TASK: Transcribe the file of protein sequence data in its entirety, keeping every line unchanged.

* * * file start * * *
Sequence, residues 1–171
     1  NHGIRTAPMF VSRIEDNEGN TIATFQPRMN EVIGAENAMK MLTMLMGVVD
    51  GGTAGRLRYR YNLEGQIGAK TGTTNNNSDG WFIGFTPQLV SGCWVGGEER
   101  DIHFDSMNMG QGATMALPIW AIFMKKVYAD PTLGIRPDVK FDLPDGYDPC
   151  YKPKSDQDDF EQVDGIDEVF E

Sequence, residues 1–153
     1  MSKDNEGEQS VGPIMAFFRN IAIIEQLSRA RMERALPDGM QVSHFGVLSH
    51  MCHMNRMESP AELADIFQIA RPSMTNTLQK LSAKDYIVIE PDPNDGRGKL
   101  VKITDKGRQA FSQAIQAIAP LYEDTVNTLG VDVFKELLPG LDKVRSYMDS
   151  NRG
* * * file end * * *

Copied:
Sequence, residues 1–171
     1  NHGIRTAPMF VSRIEDNEGN TIATFQPRMN EVIGAENAMK MLTMLMGVVD
    51  GGTAGRLRYR YNLEGQIGAK TGTTNNNSDG WFIGFTPQLV SGCWVGGEER
   101  DIHFDSMNMG QGATMALPIW AIFMKKVYAD PTLGIRPDVK FDLPDGYDPC
   151  YKPKSDQDDF EQVDGIDEVF E

Sequence, residues 1–153
     1  MSKDNEGEQS VGPIMAFFRN IAIIEQLSRA RMERALPDGM QVSHFGVLSH
    51  MCHMNRMESP AELADIFQIA RPSMTNTLQK LSAKDYIVIE PDPNDGRGKL
   101  VKITDKGRQA FSQAIQAIAP LYEDTVNTLG VDVFKELLPG LDKVRSYMDS
   151  NRG